Psychopharmacologic Therapy in Pregnancy: Effects on Newborns
By Emilio J. Sanz, MD, PhD and Carlos De las Cuevas, MD, PhD |
May 1, 2006
Antiepileptic drugs (AEDs)
A mother's use of AEDs is linked to
the immediate withdrawal effects of the
newborn and to long-term neurologic
dysfunctions. Valproate(Drug information on valproate) was shown to
be associated with immediate NWS symptoms, such as hyperexcitability,
causing neurologic deficits, seizures,
and jitteriness.32,33 Furthermore, in a
retrospective study based on hospital
records, Dean and associates34 found
significant NWS symptoms, including
jitteriness, hypotonia, seizures, apneic
episodes, hypoglycemia, and feeding
disorder, after exposure in utero to
valproate, phenytoin(Drug information on phenytoin), or combination
Long-term effects of AEDs have
also been demonstrated. In the study by
Koch and associates,32 when children
were examined 6 years later, they
continued to have long-term neurologic
dysfunctions, which are more congruent
with drug toxicity than withdrawal
effects. Similar results are reported in
the study by Moore and associates33 of
57 children prenatally exposed to AEDs:
77% had learning difficulties, 81% had
speech delay, 60% had gross motor
delay, and 42% had fine motor delay.
Eighty percent of these children had
prenatal exposure to valproate alone or
in combination with another AED.
Seventy-four percent of school-aged
children were enrolled in special education
classes or were receiving learning
support, and 81% had some type of
behavioral dysfunction; of these, 60%
had some autistic features and 39% had
hyperactivity, but autism or Asperger
syndrome had actually been diagnosed
in only a few. The developmental effects
seem to be associated not only with
valproate but also with carbamazepine(Drug information on carbamazepine),
phenytoin, and polypharmacy.34
Although these investigators did not find
a link between NWS and cognitive
dysfunction, this is a topic in which
further research is badly needed.
Pregnant women with psychiatric conditions
must be adequately treated.
Pharmacologic treatment should be initiated or maintained when the disorder is
severe and the efficacy of the psychopharmacologic
approach has been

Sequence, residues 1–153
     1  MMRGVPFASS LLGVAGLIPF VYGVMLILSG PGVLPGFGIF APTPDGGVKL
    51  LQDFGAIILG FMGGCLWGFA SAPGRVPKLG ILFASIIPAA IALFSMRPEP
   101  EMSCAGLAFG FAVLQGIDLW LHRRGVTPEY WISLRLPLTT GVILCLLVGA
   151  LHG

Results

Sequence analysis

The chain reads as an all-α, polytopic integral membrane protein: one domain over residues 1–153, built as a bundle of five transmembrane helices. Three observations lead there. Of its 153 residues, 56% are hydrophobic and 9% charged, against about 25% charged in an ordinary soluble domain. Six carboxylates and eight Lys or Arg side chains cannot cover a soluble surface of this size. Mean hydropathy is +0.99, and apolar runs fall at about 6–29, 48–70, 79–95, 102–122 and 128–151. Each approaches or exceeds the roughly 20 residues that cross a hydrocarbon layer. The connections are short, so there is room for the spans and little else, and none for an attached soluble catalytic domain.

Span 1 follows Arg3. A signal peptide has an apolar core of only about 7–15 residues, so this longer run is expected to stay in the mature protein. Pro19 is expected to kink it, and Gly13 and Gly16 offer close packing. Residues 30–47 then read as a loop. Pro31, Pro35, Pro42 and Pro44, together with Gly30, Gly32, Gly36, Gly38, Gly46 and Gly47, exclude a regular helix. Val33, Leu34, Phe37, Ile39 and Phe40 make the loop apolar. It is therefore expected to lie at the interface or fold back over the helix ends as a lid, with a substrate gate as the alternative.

demonstrated, giving attention to nonpharmacologic
alternatives in order to
prevent the relapse of the disease in the
mother. Psychiatric clinical practice
shows that most pregnant women with
psychiatric conditions are treated with
polypharmacy,35 making it even more
complex to identify the effects of these
drugs on the newborn. Psychopharmacologic
agents can induce direct
effects on the newborn, as well as withdrawal
symptoms associated with their
suppression. The clinical picture of both
cases is often similar and confounding.
Nevertheless, NWS has clearly been
associated with TCAs, SSRIs, and
AEDs. However, with the exception of
AEDs, the clinical picture for most of
these drugs appears to be self-limited
and moderate, most frequently needing
only supportive therapy.
Dr Sanz is associate professor in clinical pharmacology
at the University of La Laguna in
Tenerife, Canary Islands, Spain, and a member
of the Review Panel of Experts of the WHO
Collaborating Centre for International Drug
Monitoring. He reports that he has no conflicts
of interest concerning the subject matter
of this article.
Dr De las Cuevas is associate professor of
psychiatry at the University of La Laguna in
Tenerife, Canary Islands, Spain, a specialist in
psychiatry with clinical responsibilities, and a
senior member of the Educational Liaisons
Network of the World Psychiatric Association.
He reports that he has no conflicts of interest
concerning the subject matter of this article.
Drugs Mentioned in This Article
Carbamazepine (Carbatrol, Tegretol, others)
Valproate/Valproic acid (Depakote, others)
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